. We present a new approach to extracting spatially and temporally continuous ground deformation fields from interferometric synthetic aperture radar (InSAR) data. We focus on unwrapped interferograms from a single viewing geometry, estimating ground deformation along the line-of-sight. Our approach is based on a wavelet decomposition in space and a general parametrization in time. We refer to this approach as MInTS (Multiscale InSAR Time Series). The wavelet decomposition efficiently deals with commonly seen spatial covariances in repeat-pass InSAR measurements, since the coefficients of the wavelets are essentially spatially uncorrelated. Our time-dependent parametrization is capable of capturing both recognized and unrecognized processes, and is not arbitrarily tied to the times of the SAR acquisitions. We estimate deformation in the wavelet-domain, using a cross-validated, regularized least squares inversion. We include a model-resolution-based regularization, in order to more heavily damp the model during periods of sparse SAR acquisitions, compared to during times of dense acquisitions. To illustrate the application of MInTS, we consider a catalog of 92 ERS and Envisat interferograms, spanning 16 years, in the Long Valley caldera, CA, region. MInTS analysis captures the ground deformation with high spatial density over the Long Valley region.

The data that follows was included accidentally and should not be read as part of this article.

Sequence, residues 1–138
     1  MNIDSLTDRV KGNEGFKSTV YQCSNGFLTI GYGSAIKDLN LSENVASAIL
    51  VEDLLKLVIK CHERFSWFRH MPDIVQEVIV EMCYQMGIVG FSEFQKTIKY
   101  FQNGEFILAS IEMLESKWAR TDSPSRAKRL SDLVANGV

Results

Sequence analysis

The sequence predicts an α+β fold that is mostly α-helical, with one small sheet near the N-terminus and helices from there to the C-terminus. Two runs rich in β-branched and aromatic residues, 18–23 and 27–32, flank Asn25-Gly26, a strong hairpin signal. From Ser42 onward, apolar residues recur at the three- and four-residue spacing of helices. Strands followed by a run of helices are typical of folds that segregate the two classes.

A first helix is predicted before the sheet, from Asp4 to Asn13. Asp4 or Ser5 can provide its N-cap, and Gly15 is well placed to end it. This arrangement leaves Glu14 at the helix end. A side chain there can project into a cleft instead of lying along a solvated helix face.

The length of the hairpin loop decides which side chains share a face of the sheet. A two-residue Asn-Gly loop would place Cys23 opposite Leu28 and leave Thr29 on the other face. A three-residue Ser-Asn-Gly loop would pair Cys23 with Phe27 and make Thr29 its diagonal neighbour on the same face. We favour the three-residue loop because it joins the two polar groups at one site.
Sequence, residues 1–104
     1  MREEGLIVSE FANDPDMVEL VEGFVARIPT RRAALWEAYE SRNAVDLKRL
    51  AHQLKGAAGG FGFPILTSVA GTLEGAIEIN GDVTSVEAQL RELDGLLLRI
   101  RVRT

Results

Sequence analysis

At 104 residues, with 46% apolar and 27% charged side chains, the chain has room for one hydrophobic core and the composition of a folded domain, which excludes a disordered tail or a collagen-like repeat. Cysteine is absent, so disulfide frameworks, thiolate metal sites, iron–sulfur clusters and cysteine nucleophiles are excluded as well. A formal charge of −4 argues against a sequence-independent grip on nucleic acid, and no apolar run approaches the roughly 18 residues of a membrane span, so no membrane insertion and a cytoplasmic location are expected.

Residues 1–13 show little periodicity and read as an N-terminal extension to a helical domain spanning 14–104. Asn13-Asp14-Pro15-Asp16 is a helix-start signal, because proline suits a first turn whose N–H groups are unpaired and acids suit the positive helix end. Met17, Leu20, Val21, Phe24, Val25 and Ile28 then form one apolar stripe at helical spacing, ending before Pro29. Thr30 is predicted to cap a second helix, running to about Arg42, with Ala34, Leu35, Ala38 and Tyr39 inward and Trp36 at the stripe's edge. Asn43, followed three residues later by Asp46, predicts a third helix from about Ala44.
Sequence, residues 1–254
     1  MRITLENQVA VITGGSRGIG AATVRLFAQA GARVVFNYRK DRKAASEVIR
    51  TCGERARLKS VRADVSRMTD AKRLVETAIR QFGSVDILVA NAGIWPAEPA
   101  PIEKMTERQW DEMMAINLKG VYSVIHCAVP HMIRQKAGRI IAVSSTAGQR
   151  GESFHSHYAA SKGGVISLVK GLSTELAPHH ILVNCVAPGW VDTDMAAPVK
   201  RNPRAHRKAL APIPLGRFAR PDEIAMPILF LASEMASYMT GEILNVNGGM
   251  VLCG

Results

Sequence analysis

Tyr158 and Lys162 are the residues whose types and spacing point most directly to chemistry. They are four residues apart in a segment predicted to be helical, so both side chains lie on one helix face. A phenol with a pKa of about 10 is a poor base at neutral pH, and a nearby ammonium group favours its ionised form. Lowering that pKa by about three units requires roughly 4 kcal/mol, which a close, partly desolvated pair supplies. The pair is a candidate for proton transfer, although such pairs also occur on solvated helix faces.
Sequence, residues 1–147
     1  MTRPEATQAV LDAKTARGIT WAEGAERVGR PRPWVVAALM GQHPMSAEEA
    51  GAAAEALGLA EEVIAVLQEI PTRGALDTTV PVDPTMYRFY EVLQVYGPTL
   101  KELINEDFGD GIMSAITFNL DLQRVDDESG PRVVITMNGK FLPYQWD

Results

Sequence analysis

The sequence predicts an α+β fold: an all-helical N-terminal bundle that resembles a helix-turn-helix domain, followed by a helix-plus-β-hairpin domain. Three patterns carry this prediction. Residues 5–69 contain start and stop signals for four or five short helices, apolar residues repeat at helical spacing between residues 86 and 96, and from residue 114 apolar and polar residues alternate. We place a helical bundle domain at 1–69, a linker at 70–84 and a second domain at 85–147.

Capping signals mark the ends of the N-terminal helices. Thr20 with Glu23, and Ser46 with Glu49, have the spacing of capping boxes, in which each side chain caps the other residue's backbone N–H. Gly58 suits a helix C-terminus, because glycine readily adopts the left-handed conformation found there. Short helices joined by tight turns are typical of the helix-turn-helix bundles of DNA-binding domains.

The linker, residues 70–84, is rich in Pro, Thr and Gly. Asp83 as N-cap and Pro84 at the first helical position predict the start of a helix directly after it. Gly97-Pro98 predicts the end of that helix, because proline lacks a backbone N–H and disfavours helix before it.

When targeting small amplitude surface deformation, using repeat orbit Interferometric Synthetic Aperture Radar (InSAR) observations can be plagued by propagation delays, some of which correlate with topographic variations. These topographically-correlated delays result from temporal variations in vertical stratification of the troposphere. An approximate model assuming a linear relationship between topography and interferometric phase has been used to correct observations with success in a few studies. Here, we present a robust approach to estimating the transfer function, K, between topography and phase that is relatively insensitive to confounding processes (earthquake deformation, phase ramps from orbital errors, tidal loading, etc.). Our approach takes advantage of a multiscale perspective by using a band-pass decomposition of both topography and observed phase. This decomposition into several spatial scales allows us to determine the bands wherein correlation between topography and phase is significant and stable. When possible, our approach also takes advantage of any inherent redundancy provided by multiple interferograms constructed with common scenes. We define a unique set of component time intervals for a given suite of interferometric pairs. We estimate an internally consistent transfer function for each component time interval, which can then be recombined to correct any arbitrary interferometric pair. We demonstrate our approach on a synthetic example and on data from two locations: Long Valley Caldera, California, which experienced prolonged periods of surface deformation from pressurization of a deep magma chamber, and one coseismic interferogram from the 2007 Mw 7.8 Tocapilla earthquake in northern Chile. In both examples, the corrected interferograms show improvements in regions of high relief, independent of whether or not we pre-correct the data for a source model. We believe that most of the remaining signals are predominately due to heterogeneous water vapor distribution that requires more sophisticated correction methods than those described here.